Responsible government is often seen as contingent on democracy. Yet despite China's continued lack of notable progress in democratization, recent years have witnessed some limited moves towards responsible governance. In the absence of free elections and other institutional arrangements, how can an authoritarian regime become responsible? This paper turns to the role of ideas and culture in general and contractual thinking in particular for an explanation. Contractual thinking, defined as a particular kind of intersubjective understanding between the government and citizens with regard to their mutual interests, is present in both China's contemporary official discourse on "responsible government" and traditional Chinese culture. Taking a constructivist approach, the paper focuses on two interrelated aspects of the role of contractual thinking in the construction of responsible government. First, it examines how contractual thinking, by helping redefine the identity and interest of the government in line with citizens' loyalty, could allow more responsible government behaviour. It then illustrates that in the case of government irresponsibility, contractual thinking sets the discursive context for rightful resistance from citizens as well as for a more sympathetic reading of such resistance by the government, both of which, the paper argues, could facilitate the development of responsible governance.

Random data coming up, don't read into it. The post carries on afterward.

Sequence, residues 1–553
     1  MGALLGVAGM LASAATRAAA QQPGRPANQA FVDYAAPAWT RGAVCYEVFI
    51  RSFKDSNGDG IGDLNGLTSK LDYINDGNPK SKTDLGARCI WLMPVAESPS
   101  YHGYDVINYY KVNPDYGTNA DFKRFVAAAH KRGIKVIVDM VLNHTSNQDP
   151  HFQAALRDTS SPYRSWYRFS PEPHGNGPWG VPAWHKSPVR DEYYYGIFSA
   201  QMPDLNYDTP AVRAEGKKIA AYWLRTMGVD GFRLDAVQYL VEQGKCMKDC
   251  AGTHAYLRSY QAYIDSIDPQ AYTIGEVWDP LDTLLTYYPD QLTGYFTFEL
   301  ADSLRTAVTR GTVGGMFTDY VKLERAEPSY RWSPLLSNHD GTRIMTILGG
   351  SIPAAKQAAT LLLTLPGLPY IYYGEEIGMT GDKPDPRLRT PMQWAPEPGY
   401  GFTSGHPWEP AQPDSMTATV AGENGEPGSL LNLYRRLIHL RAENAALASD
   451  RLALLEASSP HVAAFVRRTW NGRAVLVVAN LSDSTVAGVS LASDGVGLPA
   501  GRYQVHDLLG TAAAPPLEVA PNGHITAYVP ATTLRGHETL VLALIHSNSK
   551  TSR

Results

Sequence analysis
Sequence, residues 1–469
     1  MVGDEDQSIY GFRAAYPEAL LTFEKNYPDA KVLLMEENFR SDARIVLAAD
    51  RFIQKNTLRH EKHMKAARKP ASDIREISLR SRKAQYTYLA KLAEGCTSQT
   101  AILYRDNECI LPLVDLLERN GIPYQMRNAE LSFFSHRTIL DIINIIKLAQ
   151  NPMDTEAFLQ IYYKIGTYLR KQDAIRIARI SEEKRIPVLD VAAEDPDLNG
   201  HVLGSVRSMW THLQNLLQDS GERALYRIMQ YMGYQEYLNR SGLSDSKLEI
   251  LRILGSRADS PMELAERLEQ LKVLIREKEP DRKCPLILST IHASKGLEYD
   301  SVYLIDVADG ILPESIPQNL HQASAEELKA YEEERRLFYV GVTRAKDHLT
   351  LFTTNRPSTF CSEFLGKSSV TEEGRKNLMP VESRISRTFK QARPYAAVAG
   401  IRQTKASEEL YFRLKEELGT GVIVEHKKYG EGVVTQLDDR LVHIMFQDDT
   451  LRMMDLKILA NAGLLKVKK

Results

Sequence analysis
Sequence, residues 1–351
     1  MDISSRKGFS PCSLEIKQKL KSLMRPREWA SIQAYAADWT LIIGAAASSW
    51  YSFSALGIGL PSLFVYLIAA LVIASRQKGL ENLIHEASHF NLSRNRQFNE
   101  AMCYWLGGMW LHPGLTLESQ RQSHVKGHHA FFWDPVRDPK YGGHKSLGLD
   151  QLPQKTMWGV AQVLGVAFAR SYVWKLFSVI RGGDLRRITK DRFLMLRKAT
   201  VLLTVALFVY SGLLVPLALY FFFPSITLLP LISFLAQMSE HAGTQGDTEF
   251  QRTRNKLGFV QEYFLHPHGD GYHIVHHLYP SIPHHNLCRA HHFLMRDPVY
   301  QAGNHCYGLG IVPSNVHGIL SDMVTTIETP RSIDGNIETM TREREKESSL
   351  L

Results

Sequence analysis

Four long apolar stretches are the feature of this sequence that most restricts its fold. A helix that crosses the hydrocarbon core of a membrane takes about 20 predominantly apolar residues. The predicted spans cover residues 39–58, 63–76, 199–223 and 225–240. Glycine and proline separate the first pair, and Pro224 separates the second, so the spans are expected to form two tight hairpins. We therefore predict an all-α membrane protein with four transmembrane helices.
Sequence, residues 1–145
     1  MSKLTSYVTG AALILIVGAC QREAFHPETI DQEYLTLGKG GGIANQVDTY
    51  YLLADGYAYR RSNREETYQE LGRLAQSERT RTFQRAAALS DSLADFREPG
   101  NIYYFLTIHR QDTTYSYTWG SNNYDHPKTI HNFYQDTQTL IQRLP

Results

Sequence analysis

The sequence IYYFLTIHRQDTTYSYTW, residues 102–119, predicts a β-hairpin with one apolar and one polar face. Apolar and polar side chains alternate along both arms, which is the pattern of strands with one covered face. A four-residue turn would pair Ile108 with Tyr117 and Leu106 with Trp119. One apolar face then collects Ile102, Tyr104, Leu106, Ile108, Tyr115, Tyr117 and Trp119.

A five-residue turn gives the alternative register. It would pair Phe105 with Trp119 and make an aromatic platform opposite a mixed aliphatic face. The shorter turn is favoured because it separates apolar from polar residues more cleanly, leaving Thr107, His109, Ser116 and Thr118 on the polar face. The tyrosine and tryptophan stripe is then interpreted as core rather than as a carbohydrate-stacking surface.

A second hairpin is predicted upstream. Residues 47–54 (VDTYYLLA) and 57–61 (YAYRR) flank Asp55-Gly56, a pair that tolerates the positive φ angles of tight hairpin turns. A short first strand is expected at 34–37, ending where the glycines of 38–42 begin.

Field of Research
160606 Government and Politics of Asia and the Pacific